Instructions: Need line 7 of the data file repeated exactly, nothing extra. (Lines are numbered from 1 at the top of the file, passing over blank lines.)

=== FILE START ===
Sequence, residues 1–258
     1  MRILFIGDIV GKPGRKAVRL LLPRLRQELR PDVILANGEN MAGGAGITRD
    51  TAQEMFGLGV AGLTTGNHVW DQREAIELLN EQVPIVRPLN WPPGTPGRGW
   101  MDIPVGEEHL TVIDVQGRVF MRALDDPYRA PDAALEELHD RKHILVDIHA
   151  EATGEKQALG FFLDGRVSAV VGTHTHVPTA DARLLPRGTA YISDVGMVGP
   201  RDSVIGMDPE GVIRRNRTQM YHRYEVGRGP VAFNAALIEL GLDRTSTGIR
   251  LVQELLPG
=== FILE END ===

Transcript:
   251  LVQELLPG